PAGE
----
My mother still recalls being a young girl and receiving her first phone call from abroad. Sometime in the 1960’s my grandparents had a phone installed in their house and my great uncle, who was a sailor, called the house all the way from Australia. To this day my mother remembers the amazement of being able to speak to someone located at the other side of the world, and better yet, to hear her uncle’s voice so clearly!

Shannon Matter’s article “Scaffolding, Hard and Soft – Infrastructures as Critical and Generative Structures’’ reminded me of this story and got me curious about this amazing infrastructure which we now pretty much take for granted.

The deep seabeds of the ocean are home to over 428 submarine cables stretching over 1 million kilometers around the world, connecting continents, large communications hubs with small, remote places. These cables consist of fiber optic material which “sends information coded in a beam of light down a glass or plastic pipe”, which sounds like a beautiful description of communication. However, the external home of these “beams of light” is a lot less poetic, consisting of steel wires, copper and petroleum jelly.

Image result for fiber optic cable ocean

It turns out that optical fiber cables measure in size from that of a soda can to as small a magic marker depending on how deep into the oceans the cables are laid. It also turns out that sharks enjoy chewing on these internet cables, posing somewhat of a threat to our internet access. I suppose challenges are to be expected when humans invade territories that are not natural to us and the gnawing sharks serve as a reminder that our digital lives are rooted in very real, physical equipment which is susceptible to damages and breakdowns. These submarine communication cables can be positioned as deep as 8000 meters down onto the bottom of the ocean and follows what Matter’s describes as “the principle of path dependency” where new infrastructure is built on top of previously established infrastructure, in this case that of the telecommunication networks. This might mean that the “beams of light” that carried my great uncle’s voice from half way around the globe traveled across the same ocean route as the internet does today. Matter’s article provided me with the opportunity to reflect upon the physical dimension of our wireless existence that surrounds us. It also served as a reminder of how humans are involved in every aspect of the process of communication from the innovation of devices to designing the infrastructure to implement the technology, not to least mention all of the manual labor that goes into maintaining the infrastructure. The article also made me pause and think about the network that makes it possible for me to receive photos from my mom on my phone. I bet she didn’t imagine that when she was a girl!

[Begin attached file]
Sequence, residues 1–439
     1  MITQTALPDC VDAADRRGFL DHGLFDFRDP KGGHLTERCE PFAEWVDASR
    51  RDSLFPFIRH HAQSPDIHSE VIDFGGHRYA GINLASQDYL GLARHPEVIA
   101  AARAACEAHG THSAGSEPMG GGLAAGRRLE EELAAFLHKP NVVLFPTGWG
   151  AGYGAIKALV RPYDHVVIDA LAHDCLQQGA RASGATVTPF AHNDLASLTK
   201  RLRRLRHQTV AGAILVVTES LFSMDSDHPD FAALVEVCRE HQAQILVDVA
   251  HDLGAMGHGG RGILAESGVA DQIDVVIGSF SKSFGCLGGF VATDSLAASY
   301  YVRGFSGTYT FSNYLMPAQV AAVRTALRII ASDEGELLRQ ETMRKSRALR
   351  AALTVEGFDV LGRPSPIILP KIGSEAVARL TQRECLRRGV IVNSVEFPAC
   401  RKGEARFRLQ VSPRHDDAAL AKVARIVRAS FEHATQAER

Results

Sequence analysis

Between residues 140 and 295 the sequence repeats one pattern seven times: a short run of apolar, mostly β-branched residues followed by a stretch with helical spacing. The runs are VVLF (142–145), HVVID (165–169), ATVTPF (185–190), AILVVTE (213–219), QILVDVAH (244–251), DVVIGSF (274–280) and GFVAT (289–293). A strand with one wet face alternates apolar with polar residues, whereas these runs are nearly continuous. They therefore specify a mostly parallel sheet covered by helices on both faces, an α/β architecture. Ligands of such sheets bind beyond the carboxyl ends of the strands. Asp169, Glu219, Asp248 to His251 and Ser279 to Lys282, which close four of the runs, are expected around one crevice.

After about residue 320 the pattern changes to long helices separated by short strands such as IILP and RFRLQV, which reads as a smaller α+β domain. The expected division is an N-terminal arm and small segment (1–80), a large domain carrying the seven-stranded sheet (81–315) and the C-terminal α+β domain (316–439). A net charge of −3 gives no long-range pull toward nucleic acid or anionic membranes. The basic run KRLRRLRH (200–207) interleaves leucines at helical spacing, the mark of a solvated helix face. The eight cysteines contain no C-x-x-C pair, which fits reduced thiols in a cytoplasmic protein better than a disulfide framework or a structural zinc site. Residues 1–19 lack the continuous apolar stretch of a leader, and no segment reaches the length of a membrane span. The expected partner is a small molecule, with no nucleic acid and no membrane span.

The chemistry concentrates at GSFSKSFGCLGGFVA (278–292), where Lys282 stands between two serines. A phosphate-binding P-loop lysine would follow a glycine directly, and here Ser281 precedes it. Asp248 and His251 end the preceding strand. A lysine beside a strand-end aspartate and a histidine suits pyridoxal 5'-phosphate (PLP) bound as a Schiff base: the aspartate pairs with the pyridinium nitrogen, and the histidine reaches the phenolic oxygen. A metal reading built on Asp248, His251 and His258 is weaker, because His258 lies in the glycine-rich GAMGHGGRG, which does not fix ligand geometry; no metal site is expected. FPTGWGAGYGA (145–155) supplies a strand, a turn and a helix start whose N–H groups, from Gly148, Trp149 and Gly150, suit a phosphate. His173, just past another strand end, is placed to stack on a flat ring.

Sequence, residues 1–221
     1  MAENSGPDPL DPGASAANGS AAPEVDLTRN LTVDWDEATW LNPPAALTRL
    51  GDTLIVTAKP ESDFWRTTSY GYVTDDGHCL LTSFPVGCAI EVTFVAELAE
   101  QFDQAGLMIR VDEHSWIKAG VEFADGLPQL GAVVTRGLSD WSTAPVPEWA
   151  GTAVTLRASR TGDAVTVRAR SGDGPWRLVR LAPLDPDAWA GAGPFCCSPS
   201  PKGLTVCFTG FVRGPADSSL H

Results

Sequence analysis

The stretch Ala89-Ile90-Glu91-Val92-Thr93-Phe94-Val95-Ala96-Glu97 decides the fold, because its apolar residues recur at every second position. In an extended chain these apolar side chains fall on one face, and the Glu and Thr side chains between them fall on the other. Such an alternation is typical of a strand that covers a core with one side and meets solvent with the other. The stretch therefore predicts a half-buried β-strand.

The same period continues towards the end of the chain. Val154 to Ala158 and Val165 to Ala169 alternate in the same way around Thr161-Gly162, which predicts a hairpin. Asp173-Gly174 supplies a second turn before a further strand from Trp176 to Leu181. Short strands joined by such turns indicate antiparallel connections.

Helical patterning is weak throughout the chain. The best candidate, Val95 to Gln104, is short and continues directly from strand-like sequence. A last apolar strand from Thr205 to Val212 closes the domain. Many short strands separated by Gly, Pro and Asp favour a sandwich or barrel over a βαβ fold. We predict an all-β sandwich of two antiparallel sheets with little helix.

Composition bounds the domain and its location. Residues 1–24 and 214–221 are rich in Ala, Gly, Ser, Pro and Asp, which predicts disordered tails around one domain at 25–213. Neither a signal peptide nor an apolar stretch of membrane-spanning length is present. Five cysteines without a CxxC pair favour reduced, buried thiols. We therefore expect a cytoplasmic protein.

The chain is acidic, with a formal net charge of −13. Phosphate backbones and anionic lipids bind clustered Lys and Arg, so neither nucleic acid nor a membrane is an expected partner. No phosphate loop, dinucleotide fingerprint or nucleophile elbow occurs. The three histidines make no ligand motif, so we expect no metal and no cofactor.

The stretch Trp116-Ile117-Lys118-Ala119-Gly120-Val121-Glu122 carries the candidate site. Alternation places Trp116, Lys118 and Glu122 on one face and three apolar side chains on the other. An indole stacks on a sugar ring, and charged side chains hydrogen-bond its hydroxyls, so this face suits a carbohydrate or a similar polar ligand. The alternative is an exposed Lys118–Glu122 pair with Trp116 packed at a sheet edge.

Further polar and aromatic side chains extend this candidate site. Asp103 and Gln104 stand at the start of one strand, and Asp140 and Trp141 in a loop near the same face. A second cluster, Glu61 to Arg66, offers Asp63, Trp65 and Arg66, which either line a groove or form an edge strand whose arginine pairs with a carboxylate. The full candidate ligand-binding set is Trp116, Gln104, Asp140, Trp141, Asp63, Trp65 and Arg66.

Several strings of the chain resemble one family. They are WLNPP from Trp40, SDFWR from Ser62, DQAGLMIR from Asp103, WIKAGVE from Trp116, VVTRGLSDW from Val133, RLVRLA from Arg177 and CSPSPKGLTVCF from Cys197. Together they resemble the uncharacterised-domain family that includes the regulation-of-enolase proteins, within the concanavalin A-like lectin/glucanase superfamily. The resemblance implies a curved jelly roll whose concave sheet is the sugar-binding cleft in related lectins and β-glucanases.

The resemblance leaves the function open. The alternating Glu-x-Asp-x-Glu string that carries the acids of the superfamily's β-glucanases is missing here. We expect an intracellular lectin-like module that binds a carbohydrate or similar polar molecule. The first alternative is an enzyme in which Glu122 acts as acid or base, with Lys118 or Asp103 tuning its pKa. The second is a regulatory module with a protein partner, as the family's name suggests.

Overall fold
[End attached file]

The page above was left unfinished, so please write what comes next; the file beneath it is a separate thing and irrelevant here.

1. Dax Oliver

    Interesting post, Camilla! I think of how marine biologists say they still know so little about the ocean floor, yet all these undersea cables are getting thrown down there. Sharks eating the cables are an example of the unpredicted results when two systems interact without much forethought. It also reminds me of how the computer term “bug” began from an actual bug getting caught in a machine.

    1. Camilla Skoglie Post author

      Hi Dax,

      that’s funny! I had no idea that the term “bug” actually stems from a real bug creating problems but that makes a lot of sense. Out of curiosity I looked up the Heidegger book you mentioned and it sure looks like a topic that can send your mind swirling….kudos to you for tackling it!

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